We drove all night to Syracuse. No, that’s no accurate. The drive was only five hours, but we stayed in the bus overnight, parked at the venue. I sleep better when the bus is in motion, so I slept about four hours and then just lay there in my coffin wondering about where we were.
The Carrier Dome is unbelievably fucking immense. No wonder it wasn’t sold out. We play all those hockey and basketball arenas, some at colleges, some in cities, and they usually hold around 18,000. This place had basketball but they also had football, indoors, under a dome, and it seated well over 40,000. In fucking Syracuse. No offense Syracuse, but your population isn’t that dense. I felt one really couldn’t blame anyone for this humongous place not selling out, though I don’t actually know what percentage of bands who play there come close.
I got sleepy again finally at the worst time, around noon when Remo had to go do a radio spot or something and so everyone else wanted to grab a “Baker Street” rehearsal, since that night we’d be doing it.
I fixed it by chugging a Coke (it was always Coke with Remo, never Pepsi, and I wondered if it was in his contract rider) and sequestering everyone in Clarice and Fran’s dressing room. The two of them being the only females in the band, they had a separate room, which meant at a place like this they had what amounted to an entire team-sized locker room to themselves.
We did two run-throughs at low energy–saving it for the show–and I declared it more than ready for prime time.
Then I was jittery all afternoon–the combination of Coke and lack of sleep will do that–so I found myself playing basketball one-on-one with Martin on a practice basket that was in a back hallway not far from the loading dock. It had been cold overnight, but now it was in the mid-70s and we worked up quite a sweat.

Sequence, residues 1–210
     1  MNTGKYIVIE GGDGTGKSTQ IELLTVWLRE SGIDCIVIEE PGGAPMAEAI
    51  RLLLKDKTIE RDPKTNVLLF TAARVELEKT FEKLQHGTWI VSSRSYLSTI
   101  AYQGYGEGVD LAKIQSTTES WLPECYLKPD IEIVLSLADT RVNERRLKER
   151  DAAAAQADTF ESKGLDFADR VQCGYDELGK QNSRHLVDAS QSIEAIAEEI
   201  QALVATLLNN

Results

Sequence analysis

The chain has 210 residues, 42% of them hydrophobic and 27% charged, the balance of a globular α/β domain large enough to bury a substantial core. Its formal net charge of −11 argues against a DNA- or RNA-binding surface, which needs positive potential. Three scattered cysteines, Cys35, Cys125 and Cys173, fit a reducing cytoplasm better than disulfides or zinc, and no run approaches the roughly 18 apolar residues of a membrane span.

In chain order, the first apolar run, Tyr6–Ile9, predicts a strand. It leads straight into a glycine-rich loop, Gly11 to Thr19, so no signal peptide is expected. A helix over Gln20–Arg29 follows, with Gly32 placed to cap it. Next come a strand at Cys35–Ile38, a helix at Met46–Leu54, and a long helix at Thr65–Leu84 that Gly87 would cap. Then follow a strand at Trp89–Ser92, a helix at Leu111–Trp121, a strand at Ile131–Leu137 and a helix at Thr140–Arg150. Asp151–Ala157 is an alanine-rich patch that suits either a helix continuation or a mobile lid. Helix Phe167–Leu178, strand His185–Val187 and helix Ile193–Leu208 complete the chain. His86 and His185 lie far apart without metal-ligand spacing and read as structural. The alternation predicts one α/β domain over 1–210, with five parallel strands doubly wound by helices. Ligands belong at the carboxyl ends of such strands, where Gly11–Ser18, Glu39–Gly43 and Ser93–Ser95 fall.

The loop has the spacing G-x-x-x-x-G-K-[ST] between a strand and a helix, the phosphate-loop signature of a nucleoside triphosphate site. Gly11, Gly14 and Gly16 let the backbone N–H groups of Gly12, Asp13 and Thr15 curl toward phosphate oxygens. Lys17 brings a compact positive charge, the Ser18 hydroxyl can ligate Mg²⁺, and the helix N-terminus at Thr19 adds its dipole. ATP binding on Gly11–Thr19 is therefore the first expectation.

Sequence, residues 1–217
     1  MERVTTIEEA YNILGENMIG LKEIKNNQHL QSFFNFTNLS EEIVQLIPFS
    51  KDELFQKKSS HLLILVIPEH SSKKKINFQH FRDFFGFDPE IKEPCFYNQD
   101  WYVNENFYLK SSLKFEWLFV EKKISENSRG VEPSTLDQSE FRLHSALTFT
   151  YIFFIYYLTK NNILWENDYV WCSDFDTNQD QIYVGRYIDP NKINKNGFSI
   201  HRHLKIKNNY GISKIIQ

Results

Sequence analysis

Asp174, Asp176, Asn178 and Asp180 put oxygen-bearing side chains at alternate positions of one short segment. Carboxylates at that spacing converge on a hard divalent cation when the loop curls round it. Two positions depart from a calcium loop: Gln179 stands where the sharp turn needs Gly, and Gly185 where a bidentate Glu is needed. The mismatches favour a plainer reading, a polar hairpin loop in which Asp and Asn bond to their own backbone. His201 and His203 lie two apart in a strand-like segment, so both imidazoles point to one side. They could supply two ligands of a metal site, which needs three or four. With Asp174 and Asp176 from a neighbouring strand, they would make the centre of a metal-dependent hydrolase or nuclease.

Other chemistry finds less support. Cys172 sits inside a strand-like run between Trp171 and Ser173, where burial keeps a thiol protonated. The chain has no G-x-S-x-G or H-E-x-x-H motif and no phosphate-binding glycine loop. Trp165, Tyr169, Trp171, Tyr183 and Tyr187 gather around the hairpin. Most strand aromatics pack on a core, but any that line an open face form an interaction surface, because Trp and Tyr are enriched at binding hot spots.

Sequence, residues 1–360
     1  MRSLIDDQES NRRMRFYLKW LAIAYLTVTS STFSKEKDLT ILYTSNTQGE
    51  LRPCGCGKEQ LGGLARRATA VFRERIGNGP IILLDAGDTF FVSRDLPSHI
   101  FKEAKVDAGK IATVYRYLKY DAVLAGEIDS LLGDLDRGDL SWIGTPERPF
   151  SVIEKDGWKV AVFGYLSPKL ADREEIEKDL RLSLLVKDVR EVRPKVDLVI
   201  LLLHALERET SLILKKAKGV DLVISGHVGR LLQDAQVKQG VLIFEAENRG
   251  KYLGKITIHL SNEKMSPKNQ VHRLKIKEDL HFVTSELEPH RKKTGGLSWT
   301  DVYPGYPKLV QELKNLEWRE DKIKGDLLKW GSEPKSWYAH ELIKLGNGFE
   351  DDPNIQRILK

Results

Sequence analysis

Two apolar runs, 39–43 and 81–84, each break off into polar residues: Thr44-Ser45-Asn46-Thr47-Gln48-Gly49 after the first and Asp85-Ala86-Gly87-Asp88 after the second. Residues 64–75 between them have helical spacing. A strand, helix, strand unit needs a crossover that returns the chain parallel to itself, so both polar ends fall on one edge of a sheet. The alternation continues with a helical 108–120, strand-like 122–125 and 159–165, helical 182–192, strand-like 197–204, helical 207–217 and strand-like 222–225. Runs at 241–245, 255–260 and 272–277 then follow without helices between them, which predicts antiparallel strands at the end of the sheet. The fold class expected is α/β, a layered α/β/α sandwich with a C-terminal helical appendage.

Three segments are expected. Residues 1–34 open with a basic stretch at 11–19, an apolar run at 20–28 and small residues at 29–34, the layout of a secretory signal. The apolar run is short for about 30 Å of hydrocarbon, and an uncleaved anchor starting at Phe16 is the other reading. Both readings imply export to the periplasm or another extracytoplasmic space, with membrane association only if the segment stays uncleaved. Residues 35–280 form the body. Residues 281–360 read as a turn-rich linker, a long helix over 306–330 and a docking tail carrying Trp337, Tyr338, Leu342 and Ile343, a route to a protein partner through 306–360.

For your information, we weren’t being complete idiots: laundry detail was part of the deal at this venue and we’d been told where to put our dirty clothes. Show clothes went in one bin and personal clothes in another.
Bernie introduced me to his parents shortly before the opening act went on. They didn’t leave much of an impression on me since I can’t think of a single thing to say about them other than I know they were there. I guess I had other things on my mind. After exercising I knew I should eat but I wasn’t hungry, so I had some yogurt and ate some carrot sticks off the catering tray. Yogurt was definitely on the rider because we’d had it in every city so far and it wasn’t one of the usual things venues would give you if they had a choice.
Our plan was to sneak “Baker Street” in after “Riptide,” which was when Remo stepped back and a spotlight hit me while I played the intro to “Taking My Time.” I’d have the mic. We clued the crew in to what was going on. Any decent road crew loves a good prank, and I hadn’t thought of this as a prank exactly but I suppose that’s what it was, given that we’d now successfully kept it a secret from Remo.